Fortunately, back muscle strains usually heal with time, with most healing within a few days and almost all resolving within 3 to 4 weeks. The large muscles in the low back have a good blood supply, which bring the necessary nutrients and proteins for healing to take place.
If the lower back muscle pain is severe, the patient may be advised to rest, but for no more than one or two days.
Initial Treatments for Pulled Back Muscles
Typical first line treatments include some combination of:
- Pain medication (such as acetaminophen), to interrupt transmission of pain signals to the brain
- Anti-inflammatory medication (such as ibuprofen, or possibly oral steroids), to reduce the local inflammation that is a cause of the pain
- Muscle relaxants, which may be prescribed on a short-term basis to relieve severe lower back pain associated with muscle spasms.
- Massage, which can help promote blood flow in the lower back (to help with healing), loosen tight lower back muscles, and release endorphins, the body’s natural pain killers.
- Chiropractic. Gentle manual manipulation is an option to help loosen tight back muscles and promote healing in the lower back.
- Ice or cold packs. Application of some type of cold pack can help reduce inflammation, which is helpful immediately following the injury.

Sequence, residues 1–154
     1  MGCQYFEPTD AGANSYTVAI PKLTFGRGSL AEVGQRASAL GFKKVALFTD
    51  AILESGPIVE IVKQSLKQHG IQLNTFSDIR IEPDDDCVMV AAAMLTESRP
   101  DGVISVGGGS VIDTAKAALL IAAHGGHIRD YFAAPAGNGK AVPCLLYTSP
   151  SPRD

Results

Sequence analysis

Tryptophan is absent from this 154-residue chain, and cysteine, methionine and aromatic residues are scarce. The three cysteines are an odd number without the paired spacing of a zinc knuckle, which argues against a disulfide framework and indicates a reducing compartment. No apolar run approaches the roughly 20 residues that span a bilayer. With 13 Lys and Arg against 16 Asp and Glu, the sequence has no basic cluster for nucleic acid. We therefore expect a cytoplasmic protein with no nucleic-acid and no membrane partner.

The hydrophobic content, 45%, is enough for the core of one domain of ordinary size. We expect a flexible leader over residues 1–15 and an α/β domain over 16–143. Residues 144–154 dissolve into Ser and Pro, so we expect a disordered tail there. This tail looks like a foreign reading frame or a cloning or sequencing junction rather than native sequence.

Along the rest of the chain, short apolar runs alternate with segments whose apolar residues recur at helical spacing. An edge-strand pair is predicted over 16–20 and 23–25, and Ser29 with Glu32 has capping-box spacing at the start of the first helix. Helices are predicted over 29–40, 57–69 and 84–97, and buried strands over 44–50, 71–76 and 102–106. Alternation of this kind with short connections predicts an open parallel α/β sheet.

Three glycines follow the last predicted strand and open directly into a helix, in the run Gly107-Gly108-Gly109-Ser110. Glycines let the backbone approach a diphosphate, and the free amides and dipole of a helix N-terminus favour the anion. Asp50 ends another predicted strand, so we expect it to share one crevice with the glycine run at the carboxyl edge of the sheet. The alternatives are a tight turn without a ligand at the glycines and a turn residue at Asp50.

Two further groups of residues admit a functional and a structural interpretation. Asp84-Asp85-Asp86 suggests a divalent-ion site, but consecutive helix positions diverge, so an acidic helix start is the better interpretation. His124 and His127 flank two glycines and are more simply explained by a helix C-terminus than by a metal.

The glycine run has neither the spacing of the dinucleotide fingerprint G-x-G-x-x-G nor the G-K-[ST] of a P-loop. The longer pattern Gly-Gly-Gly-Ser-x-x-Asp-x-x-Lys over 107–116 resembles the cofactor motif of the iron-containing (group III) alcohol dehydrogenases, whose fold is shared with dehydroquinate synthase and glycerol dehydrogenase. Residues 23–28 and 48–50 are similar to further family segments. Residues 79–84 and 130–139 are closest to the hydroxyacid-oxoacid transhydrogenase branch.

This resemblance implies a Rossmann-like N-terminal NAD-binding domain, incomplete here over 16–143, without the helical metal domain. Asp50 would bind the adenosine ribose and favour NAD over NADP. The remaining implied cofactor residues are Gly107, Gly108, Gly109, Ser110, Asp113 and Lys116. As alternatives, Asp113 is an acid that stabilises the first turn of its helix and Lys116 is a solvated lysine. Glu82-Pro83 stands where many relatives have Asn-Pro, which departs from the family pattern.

- Heat therapy. Application of heat to the lower back is helpful longer term to stimulate blood flow and healing to the injured area.
See Muscle Relaxants
If an episode of low back pain lasts for more than two weeks, the muscles may start to weaken. Because using the lower back muscles is painful, the natural tendency for most patients is to avoid using them. However, lack of activity leads to disuse atrophy (muscle wasting) and subsequent weakening, which in turn causes more low back pain because the muscles are less able to help hold up the spine.
In This Article:
Back Exercises as Muscle Strain Treatments
As a general rule, people who are active and well-conditioned are much less likely to suffer from low back pain due to muscle strain, as regular exercise stretches the muscles so they are less likely to strain, tear, or spasm.
There are three types of muscles that support the spine:
- Extensors (back muscles and gluteal muscles)
- Flexors (abdominal muscles and iliopsoas muscles)
- Obliques or Rotators (side muscles)
While some of these muscles are used in everyday life, most do not get adequate exercise from daily activities and tend to weaken with age unless they are specifically exercised.
A complete exercise program for the low back should consist of a combination of:
Finally, a regular, sustained program of hamstring stretching will help reduce and prevent back muscle tightness and injury. The hamstring muscle runs through the back of each thigh. Tightness in this muscle limits motion in the pelvis which can strain the lower back. Regular hamstring stretching can gradually lengthen these muscles and reduce the stress felt in the lower back.